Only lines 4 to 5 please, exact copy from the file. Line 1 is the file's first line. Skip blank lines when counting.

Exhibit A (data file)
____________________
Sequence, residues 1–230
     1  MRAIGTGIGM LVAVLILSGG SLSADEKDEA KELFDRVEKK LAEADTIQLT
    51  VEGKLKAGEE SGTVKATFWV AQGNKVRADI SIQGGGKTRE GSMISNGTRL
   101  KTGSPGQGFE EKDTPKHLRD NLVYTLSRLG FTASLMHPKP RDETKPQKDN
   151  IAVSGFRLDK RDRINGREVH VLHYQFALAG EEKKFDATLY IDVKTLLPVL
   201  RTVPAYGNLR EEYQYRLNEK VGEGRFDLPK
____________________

   101  KTGSPGQGFE EKDTPKHLRD NLVYTLSRLG FTASLMHPKP RDETKPQKDN
   151  IAVSGFRLDK RDRINGREVH VLHYQFALAG EEKKFDATLY IDVKTLLPVL